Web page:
ARKWRIGHT — Members of the Concerned Citizens of Cassadaga Wind Project are protesting around the county to “raise public awareness about the impacts of these wind farm projects,” said organizer Joni Riggle. “If the public did their research, they would not want these farms destroying our rural and agricultural lands. There will be no gain from it. It will not mitigate global warming.”
Over a dozen concerned area citizens held signs in front of the Arkwright Town Hall on Center Road Friday and shouted into bullhorns to passing vehicles: “Save Chautauqua County,” “No Wind Farms” and even “Impeach Cuomo.” It was the second week in a row for the protestors.
Just west of the town hall, the construction is already underway as the project is in the process of clearing acres of woods to make way for giant wind turbines, each estimated to be upwards of 500 feet tall. Riggle and her organization claim these turbines not only will destroy the beauty of the landscape, they have the potential to contaminate well water and cause an array of health problems to neighboring landowners.
“We’ve heard testimony from Dr. Dan Driscoll of the DEC,” said Riggle. “He testified to a NYSERDA stakeholder meeting that infrasound from turbines can be harmful to human health, especially from prolonged exposure and that it is not blocked by our walls. It needs to be addressed. It causes symptoms like headaches, dizziness, nausea, vertigo. He recommends at least 3,450-feet setbacks; our towns are adopting only 1,000 feet to 1,200-feet setbacks and that’s an issue around the world.”
Riggle and many others in the group identify as conservationist who are as concerned about global climate change as anyone else and claim the real answer doesn’t rest with giant industrial projects, but with small-scale localized wind and solar efforts.
When you factor in the construction and transportation of the turbines, Riggle said, “it takes the lifetime of a turbine to pay back its carbon debt that was used in the process of installing it.”
Then there’s the platforms the turbines stand upon.
“Each turbine base takes 90 tons of cement and cement is the second largest industrial producer of CO2, so we’re producing a lot of CO2 just to make these cement bases,” Riggle said. “Every ton of cement produces 1.5 pounds of mercury. So, there’s a lot of mercury released in the processing of … every turbine base.”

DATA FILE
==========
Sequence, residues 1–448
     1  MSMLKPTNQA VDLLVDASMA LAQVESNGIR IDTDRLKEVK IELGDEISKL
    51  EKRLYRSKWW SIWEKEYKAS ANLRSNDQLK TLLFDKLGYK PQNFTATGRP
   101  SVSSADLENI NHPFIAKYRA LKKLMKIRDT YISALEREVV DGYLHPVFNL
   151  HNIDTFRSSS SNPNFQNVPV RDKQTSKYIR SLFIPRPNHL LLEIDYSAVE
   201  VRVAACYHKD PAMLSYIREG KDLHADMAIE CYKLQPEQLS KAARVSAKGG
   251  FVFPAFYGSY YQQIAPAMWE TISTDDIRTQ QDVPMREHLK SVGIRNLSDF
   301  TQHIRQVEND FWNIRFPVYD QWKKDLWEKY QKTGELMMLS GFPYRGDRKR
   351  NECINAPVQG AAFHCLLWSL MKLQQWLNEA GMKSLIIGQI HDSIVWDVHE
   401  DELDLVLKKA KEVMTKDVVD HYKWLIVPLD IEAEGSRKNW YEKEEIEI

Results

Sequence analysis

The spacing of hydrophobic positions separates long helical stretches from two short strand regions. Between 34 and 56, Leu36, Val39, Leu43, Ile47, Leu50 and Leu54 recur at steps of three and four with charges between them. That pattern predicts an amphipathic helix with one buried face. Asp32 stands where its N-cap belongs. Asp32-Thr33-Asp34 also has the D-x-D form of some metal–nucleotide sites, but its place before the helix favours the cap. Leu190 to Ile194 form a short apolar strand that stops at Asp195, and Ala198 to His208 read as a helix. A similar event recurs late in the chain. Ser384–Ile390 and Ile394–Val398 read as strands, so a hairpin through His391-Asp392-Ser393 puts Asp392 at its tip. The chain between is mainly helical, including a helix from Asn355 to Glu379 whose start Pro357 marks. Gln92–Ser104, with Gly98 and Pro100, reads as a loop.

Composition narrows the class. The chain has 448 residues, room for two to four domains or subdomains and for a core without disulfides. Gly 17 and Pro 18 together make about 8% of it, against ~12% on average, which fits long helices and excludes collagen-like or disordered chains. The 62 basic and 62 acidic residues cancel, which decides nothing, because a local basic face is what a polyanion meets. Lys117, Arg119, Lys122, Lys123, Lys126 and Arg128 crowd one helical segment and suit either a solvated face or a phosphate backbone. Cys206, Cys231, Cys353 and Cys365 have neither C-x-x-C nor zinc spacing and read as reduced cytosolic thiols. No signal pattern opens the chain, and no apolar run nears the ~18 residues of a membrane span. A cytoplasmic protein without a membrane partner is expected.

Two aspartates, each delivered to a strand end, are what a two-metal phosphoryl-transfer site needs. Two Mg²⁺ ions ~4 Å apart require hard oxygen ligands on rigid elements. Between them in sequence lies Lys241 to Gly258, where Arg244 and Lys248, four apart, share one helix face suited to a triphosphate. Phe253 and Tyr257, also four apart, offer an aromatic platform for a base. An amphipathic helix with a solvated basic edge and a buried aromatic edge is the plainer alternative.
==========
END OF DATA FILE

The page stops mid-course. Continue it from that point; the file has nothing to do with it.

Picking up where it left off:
Area resident Bruce Roll, present at the protest, said that the lack of transparency between the government, industry and residents is perplexing and troubling.
“We were never notified of the project,” Roll said. “The only notification we got was in December of last year and then the project started in February of this year.”
“We’re less than 500 feet from the project,” Roll continued. “According to the graphs and maps, we’ll have 10 to 15 towers (in view) of our home.”
Rob Bommer, who lives in Cassadaga, is weary of the wind project being planned near his home.
“It’s going to be 2,000 feet from my home on a plateau,” Bommer said. “Full view. I’m tired. I’m not going to invest in the property now. I was going to invest in it. The big thing for me is the total lack of public involvement and participation.”
Riggle said that the wind project initiators “only target those who they know are in favor of it. The leasers, town boards, school boards (jump on board) after they dangle the money.”
Riggle says only a few get monetary benefits, while the rest suffer the consequences.
“Arkwright has town board members that are land leasers, so we see a real conflict of interest,” she said. “They’ve signed contracts with the wind company.”
Another protester said that it’s not illegal for the boards to accept money, but “it’s unethical. They’re receiving anywhere from $250,000 to $500,000 and they’re on the zoning boards and planning boards of Arkwright. The state had to release that information; it’s right there on the website.”
Riggle said that with all the wind farms that are planned for the near future, “there really won’t be any rural clean space or agricultural lands that are untouched. We literally will be one massive wind farm from the finger Lakes to Chautauqua County.”
The group contends that these farms aren’t even green, as advertised.
“They’re only 10 percent affective,” Riggle said. “They need almost a one-to-one backup of fossil fuels, which in New York is gas. The government has a misguided green policy. They think they’re going to save the day and that it’s a panacea; it’s not. These projects will not save the day. they’re not going to save us from global warming. They’re going to leave a legacy of a lot of destruction for the next generation to clean up.”
Riggle urges Western New Yorkers to “do their homework” and not to buy into the “propaganda” of the wind industrialists, because when it comes right down to it, by going in this direction:
“We’re destroying our environment under the pretext of saving it.”
Mark Twichell told the OBSERVER that Concerned Citizens of Cassadaga Wind Project has filed the first civil action against a wind energy developer and New York state since the adoption of Article 10. The importance of this action, regardless of its outcome, is the establishment of a public record detailing the various objections to rural industrialization by wind industry facilities. The Cassadaga action is expected to be followed by similar efforts in many other townships across NYS.”
Twichell encourages anyone interested to go to the NYSDPS website and search for Case 14-F-0490. The site allows public comment on the Cassadaga Wind Project.
“Of course there are local social media sites for public education about the negative aspects of rural wind industrialization,” he said. “The Concerned Citizens of Cassadaga Wind Project posts on their Facebook page, as does the smaller group Preservation of Agricultural Lands Serenity (PALS). These pages contain links and shares from citizens groups throughout North America and Europe.”